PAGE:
A July 2006 trip
to Boise by Wildcat Dianne
Quote: Two die-hard Red Sox fans enjoy a night of fun at Memorial Stadium in Boise, home of the Boise Hawks baseball team.
The Boise Hawks are the Single A baseball affiliate of the Chicago Cubs in the Major League's National League. The Hawks have been in existence for about 25 years and before that, they were affiliated with the California then Anaheim then Los Angeles Angels of Anaheim in the American League.
Being die-hard Red Sox fans, Mom and I can be snobbish about other teams, and we didn't know if a night at the Hawks would be worth the admission fee to see them play, but we were proved wrong and were entertained by a great game and beers for the night.Unfortunately, Memorial Stadium isn't very handicapped friendly, and Mom was slightly winded climbing up the stairs, and a man on crutches was helped to his seat by one of the ushers. Anyone who is wheelchair bound can sit behind home plate below the stands near the food court.
Tickets to a minor league baseball game are cheap and you can catch some of the game's future stars at the beginning of their careers, and you aren't going broke doing it.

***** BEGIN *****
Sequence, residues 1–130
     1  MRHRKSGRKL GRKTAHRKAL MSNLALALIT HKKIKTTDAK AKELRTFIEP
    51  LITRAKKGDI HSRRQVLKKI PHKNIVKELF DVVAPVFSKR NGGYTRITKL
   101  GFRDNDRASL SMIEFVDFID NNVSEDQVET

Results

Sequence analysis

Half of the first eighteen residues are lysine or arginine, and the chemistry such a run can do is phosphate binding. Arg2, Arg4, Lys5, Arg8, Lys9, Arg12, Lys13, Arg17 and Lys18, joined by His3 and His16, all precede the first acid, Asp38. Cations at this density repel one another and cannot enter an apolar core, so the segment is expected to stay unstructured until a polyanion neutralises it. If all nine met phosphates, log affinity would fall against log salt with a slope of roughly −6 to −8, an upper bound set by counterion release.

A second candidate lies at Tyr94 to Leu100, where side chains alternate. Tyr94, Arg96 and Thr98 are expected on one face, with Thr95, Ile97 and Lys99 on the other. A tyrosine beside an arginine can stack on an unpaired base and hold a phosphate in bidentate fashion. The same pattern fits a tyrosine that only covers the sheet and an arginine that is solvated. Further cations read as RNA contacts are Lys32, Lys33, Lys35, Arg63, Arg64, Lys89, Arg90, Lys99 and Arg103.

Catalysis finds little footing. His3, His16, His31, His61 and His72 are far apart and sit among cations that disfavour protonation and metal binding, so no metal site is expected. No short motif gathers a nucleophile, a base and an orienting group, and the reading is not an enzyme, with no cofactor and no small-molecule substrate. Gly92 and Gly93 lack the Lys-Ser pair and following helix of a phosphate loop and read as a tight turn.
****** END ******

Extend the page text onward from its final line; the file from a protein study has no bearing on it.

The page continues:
The food prices vary at the Hawks' games, but we got beers because of a special on Thursday night, but peanuts, Mom's favorite baseball snack, and my favorite snack, nachos, were pricey. Next time, Mom and I are smuggling peanuts and water in our bags since they don't seem to search your bags when you go into the stadium. You also can't bring cameras into the stadium, but I snuck mine in and got some shots of the game for this journal.
Memorial Stadium does not have a lot of shaded seats so be prepared to be in the sun a lot and wear appropriate protection, but most of the games during the week start at 7:15 p.m., and it is starting to cool down and makes watching the game bearable. The third base side is the best place to watch the games without getting heat stroke.